There are retailers, and then there’s Tiffany. Revolution looks at the story of the name that watch companies repeatedly allow to share dial space with their own.
One’s name is one’s calling card, and both protectiveness and ego are involved in maintaining its value. When sharing one’s name with another, it is crucial that it be of equal merit, worth and repute. Hasselblad and Zeiss, Rolls-Royce and Connolly, even Penderyn whisky and Brains. Some commercial relationships seem innate, appropriate, almost as if their familial bonds were intended by nature itself.
Even when the relationship has ceased to exist, the spirit often lives on in the imaginations of collectors and enthusiasts. Just picture the fervor and emotion raised among motor-racing fans by the mention of Team Lotus and Coventry Climax, their engine-builders.
Horology is no exception when it comes to paired associations. Some of the most important advances in timekeeping in the 20th century have come as a result of such couplings. The world’s most accurate clock came about in the 1920s as a conjoining of the ideas (and signatures) of the highly opinionated Welsh-origin clockmaker Frank Hope-Jones and the quietly studious South Londoner, William Hamilton-Shortt. The Shortt-Synchronome clock was the most accurate clock ever devised, surpassed only when quartz crystals and caesium atoms replaced pendulums. It was said that the US Naval Observatory’s 1930s Shortt clock was still ticking as a backup, under its original vacuum dome, until as late as the 1980s.
For the slightly more mainstream, consider the World Time ébauches by Cottier for Patek Philippe, which were for decades the last word in that field. Moving even higher-brow, there is the Jura watchmaker Victorin Piguet, whose masterpiece is unquestionably the Henry Graves Supercomplication, also signed Patek Philippe.
So horology is no newcomer to the world of co-branding. It is not always seen as a good thing, though. Consider the sniffiness with which many collectors approach anything with movements made by a third party, be it ETA or all the way up to Frédéric Piguet or Vaucher. Not that your correspondent is in the sniffy camp – to understand the watch industry is to know that the sharing of technology has been absolutely key to its development and success for nearly 700 years.
From the beginning, mechanical timekeepers have been collaborations. No clock was a clock unless the blacksmiths who made the iron movements worked with the bell-founders, whose bronze castings could never sound without the help of the bell-hangers and their special oaken beams, which were nothing were it not for the stone towers of the masons, and none of them could do ought without the patronage of the feudal lord or the wealthy monastery in whose “name” the thing was built in the first place, even though there were a half-dozen names or more who could legitimately claim to sign it.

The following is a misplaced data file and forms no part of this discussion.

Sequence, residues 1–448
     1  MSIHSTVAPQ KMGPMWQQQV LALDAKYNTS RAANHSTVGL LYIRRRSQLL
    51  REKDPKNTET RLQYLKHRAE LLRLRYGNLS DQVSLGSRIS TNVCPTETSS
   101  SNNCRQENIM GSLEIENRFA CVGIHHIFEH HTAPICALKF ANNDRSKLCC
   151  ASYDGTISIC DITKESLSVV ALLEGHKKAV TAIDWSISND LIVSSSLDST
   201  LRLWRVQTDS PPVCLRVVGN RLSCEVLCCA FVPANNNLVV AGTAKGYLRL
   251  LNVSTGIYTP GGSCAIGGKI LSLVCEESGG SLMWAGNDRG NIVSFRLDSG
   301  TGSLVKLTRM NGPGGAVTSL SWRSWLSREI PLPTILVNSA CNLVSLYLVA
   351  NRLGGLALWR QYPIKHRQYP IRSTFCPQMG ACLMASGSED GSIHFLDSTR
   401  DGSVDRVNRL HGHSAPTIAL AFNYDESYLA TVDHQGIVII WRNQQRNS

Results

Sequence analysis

A bit of isolationism by 20th-century collectors over industrial DNA-sharing was certainly instrumental in enlivening the romanticism of the manufacture brand, but is not going to change the fundamental nature of horology, whose roots are unequivocally a collaboration of specialties. One obvious area where such second-party signatures positively add to the appeal of the vintage wristwatch is that of the co-signed dials. I don’t refer to specific examples, where a special model or embodiment of a watch especially made for an organisation, like Rolex for COMEX, or Audemars Piguet (and now HYT) for Team Alinghi.
What I refer to here are the rather unusual special relationships that have been formed between Swiss watchmakers and some of their more highly regarded retailers. Names that immediately spring to mind upon mention of this are the likes of Beyer, purveyors of important watches and jewels in Zurich for over 250 years. Another strong player has been the German jeweler, Wempe, whose 25 boutiques around the world are an important source of revenue for Patek Philippe, giving them the rare advantage of having contemporary Patek models co-emblazoned with their name.
Early in the 20th century across the Atlantic, the retailer Gondolo & Labouriau, later just “Gondolo”, would enjoy its name being impressed onto some of the highest-grade Patek Philippe pocket watches of their day. The name is preserved to this day by Patek in homage to this successful early co-signing – the company’s “Gondolo” models having nothing to do with Venetian water taxis and everything to do with a favored retailer.
One could also cite the examples of smaller jewellers who were influential enough in their local sphere to have the names of their shops added to the dials of early Rolex Oysters. It is not uncommon to find evocative co-signatures emanating from British Imperial outposts as far-flung as Madras, Bombay, or Cape Town.